Japan’s prime minister to step down amid COVID-19 censure
In a radical U-turn, Japan’s Prime Minister Yoshihide Suga on Friday announced that he would not stand for his party’s leadership, effectively giving up the premiership, after facing severe criticism over his handling of the COVID-19 pandemic, local media reported.
“I had planned to run, but dealing with both COVID-19 and the election would require an enormous amount of energy. I decided that there was no way to do both, that I had to choose,” Suga told reporters in Tokyo.
“I decided to focus on coronavirus measures,” Kyodo News Agency cited him as saying.
The ruling Liberal Democratic Party (LDP) will hold its presidential polls to choose Suga’s successor on Sept. 29. The prime minister is currently also the president of the party, with his term to end on Sept. 30.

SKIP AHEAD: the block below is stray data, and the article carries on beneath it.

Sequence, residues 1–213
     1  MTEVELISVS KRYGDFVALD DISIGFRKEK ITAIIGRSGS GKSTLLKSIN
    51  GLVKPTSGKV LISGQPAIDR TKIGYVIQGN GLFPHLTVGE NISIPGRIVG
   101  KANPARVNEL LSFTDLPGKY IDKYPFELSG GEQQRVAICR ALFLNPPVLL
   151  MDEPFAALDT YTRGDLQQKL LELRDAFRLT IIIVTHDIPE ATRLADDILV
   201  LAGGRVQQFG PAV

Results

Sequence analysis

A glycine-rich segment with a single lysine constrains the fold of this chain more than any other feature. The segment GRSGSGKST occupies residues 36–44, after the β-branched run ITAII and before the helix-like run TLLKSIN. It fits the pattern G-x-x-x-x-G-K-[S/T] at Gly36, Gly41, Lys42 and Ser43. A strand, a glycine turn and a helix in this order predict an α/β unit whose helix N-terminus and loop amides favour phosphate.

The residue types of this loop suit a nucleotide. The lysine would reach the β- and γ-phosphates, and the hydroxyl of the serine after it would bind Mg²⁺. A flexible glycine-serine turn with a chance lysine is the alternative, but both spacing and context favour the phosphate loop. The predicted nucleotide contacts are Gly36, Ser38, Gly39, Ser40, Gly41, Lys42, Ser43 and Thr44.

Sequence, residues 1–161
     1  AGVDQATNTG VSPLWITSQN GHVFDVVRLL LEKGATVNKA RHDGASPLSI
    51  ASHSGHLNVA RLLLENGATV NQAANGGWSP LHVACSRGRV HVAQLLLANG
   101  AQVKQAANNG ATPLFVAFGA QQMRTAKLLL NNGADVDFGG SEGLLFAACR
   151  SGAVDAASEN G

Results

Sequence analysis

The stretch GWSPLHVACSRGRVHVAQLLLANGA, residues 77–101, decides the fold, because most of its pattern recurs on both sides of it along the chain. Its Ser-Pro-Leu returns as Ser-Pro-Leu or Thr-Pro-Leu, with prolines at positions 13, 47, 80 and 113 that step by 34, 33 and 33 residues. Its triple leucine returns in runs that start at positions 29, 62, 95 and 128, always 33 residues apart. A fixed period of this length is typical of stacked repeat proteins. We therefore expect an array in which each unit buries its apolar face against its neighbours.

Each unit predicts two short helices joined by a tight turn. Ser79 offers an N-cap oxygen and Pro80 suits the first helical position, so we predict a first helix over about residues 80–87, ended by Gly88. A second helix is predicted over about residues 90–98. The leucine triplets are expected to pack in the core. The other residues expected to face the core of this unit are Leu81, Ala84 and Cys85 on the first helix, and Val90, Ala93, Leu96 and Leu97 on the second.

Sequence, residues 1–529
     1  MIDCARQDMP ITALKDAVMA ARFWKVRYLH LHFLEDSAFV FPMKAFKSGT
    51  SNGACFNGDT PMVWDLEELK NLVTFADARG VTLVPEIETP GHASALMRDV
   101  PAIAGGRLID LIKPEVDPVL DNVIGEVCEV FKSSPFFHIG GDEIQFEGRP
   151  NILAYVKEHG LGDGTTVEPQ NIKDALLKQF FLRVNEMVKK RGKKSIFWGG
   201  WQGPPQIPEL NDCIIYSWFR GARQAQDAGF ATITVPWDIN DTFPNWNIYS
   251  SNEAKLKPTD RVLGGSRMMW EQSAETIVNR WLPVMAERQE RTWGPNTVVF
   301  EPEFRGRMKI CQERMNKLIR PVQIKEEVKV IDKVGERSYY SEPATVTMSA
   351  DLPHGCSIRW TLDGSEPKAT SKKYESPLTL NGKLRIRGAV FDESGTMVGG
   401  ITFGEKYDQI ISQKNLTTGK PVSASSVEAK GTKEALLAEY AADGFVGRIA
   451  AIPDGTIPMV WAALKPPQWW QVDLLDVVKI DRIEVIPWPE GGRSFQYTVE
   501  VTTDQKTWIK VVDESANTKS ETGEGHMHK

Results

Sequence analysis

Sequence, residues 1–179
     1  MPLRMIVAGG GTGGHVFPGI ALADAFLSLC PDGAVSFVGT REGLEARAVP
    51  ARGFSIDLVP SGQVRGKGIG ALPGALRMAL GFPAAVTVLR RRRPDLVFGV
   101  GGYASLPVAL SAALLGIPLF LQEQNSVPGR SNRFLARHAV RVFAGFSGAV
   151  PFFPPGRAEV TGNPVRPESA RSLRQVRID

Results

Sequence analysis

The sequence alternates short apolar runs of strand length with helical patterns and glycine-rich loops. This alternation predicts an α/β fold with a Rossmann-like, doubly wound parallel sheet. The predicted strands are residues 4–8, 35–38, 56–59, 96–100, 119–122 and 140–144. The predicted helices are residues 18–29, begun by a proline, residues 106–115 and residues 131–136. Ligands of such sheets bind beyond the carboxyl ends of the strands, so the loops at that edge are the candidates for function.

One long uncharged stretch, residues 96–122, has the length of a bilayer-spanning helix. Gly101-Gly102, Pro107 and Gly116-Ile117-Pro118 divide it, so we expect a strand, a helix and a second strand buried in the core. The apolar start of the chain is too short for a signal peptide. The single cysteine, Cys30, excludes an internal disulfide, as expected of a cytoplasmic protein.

Earlier, Suga had said he intended to run for a second term.
Suga rose to party leadership last year after the sudden resignation of his predecessor Shinzo Abe, who stepped down as premier on health grounds.
The elections come at a time when Suga’s public rating is down, largely due to his administration’s handling of the COVID-19 pandemic that has battered the health and financial infrastructure of the world’s third economy.
General elections are also around the corner in Japan as the term of parliament’s lower house ends on Oct. 21.
Not standing for party leadership in Japan effectively also means that Suga will not hold the premier’s post.
Suga addressed an extraordinary meeting of the LDP executives on Friday where he said he would “serve out his term through Sept. 30.”
According to the prime minister’s office, Japan has reported 1,524,679 COVID-19 cases, including 16,184 deaths, since the outbreak.